Cogburn’s objection is elegant and immensely entertaining – do read it! For this reason alone (and because I’ve responded extensively to Bakker and Goldgaber over at philpercs) I want to focus on it in this post.
As he makes clear, the problem posed by the Galapagos example concerns an apparent ambiguity in the scope of the first condition of DT. If a “technical alteration” is construed to include any change in the world arising indirectly from human technical activity (Nuclear war in this case) then any evolutionary process it catalyzed that resulted in nonhumans with human ancestors would be a posthuman maker. But I want to argue that posthumans would have to have significant functional autonomy (or power) to escape the influence of WH, whereas no such power is implied in Galapagos-type cases. The “posthumous” fishes do not have to break out of a fish farm, for example. WH simply withers away as narrow humans develop in ways that do not suffice to maintain it.
Now, there are various responses to the Galapagos objection. Some of those involve amendments to schematic statement of DT. This has happened before.
Three years ago, Søren Holm pointed out that a similarly trivial result could be achieved if posthumans decided to produce biological humans for wide human descendants that were subsequently reabsorbed into WH. Hence the current stipulation that wide descendants of posthumans remain outside WH.
I think Pete Mandik suggests the way this should go in a Twitter response where he writes, “the solution involves distinguishing between being a technical alteration and being an effect of a T.A” Radiation from a nuclear war is an environmental change: not a technical change but an effect of one. The increased mutation rate resulting in the post-sapient fish people is not a technical change but an effect of one.
This may seem that I’m leaning on a leaky distinction between direct and indirect technical causes here. To say that the increased mutation rate is not a technical change is just to say that it is indirectly rather than directly caused by technical change. However, it could be objected that there is no principled (non-observer-relative) way of distinguishing between the direct and indirect causes in any instance. All causation is mediated by intervening causes if we but look (Experts on the metaphysics of causation might beg to differ of course).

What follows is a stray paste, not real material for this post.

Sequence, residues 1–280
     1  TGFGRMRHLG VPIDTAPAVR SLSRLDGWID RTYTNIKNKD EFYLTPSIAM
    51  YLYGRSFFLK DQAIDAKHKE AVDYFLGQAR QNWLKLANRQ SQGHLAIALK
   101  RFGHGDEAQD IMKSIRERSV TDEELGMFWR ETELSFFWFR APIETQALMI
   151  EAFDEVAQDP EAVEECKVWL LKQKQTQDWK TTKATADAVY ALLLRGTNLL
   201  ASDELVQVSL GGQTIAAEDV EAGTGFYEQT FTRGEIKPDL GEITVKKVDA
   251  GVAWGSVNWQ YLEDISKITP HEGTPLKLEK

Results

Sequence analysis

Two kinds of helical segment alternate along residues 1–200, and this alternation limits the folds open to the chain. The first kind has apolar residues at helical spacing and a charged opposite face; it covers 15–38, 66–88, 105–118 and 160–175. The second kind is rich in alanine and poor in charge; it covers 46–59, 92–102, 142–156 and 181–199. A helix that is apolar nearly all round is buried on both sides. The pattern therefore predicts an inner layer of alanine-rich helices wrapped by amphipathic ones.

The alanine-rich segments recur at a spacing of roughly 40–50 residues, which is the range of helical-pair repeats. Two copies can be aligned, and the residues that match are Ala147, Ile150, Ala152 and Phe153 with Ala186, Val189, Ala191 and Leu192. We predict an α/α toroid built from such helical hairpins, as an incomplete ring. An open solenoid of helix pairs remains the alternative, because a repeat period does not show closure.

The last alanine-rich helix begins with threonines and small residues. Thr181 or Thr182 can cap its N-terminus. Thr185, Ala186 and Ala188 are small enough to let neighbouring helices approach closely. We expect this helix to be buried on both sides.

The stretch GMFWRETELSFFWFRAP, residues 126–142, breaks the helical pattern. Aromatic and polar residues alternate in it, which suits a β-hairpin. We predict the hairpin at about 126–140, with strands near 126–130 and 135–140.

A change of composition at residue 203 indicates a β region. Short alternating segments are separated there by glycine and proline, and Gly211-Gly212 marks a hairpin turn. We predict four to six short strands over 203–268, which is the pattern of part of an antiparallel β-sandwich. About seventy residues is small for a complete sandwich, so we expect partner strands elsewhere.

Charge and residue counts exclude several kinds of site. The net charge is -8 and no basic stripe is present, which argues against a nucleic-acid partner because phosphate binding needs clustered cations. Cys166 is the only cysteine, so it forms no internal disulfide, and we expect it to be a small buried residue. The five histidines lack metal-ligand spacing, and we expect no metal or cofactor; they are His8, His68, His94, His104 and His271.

But we can avoid having to make the distinction between direct and indirect technological causes by stipulating that the process of ceasing to be human result from the exercise of technological powers by the disconnecting.
This is not true of the post-people of Galapagos. They do not exercise the technological powers that result in the withering away of WH. They are effects of its exercise by others.
This clarification comports well with the DT and the assemblage theory in which it is framed (more, with the philosophy of technology laid out in Ch7) though it is not an explicit consequence of the schematic formulation. There might be a way of reformulating DT to allow this (along the lines of my response to Holm) but for reasons for time and incompetence, I’ll hold off on that here.
Posthumans like humans have components which instantiate technologies. It doesn’t have to follow that they are technologies, of course. I’m inclined to the view that technologies are abstract particulars concretized in disparate forms and contexts. Vonnegut’s post-people don’t instantiate or exercise such technologies. So they don’t qualify as posthumans.
There are other responses. One could just allow that Vonnegut’s post-people are posthuman but are just boring – not the kind that elicit our moral concern. However, I think the clarification suggested by Mandik provides a more robust response since it makes clear why the DT articulates our moral concern with posthuman possibility. The posthuman – according to this account – is inherently disruptive because of an independence from human ends resulting from the emergence of new technical powers. This independence implies significant functional autonomy because the technical powers exhibited by posthumans are no longer exercised by us.
Beings exhibiting this independence need not be maximally weird, but then I allow for disconnections that would involve posthumans are not radically alien in someway (e.g. genetically engineered super-cooperators, Cylons or some such). In any case, the evocation of the weird is designed to suggest the epistemic scope for divergence (given anthropological unboundedness). Nothing is weird as such or intrinsically unless we allow for the kind of radical transcendence contemplated in negative theology.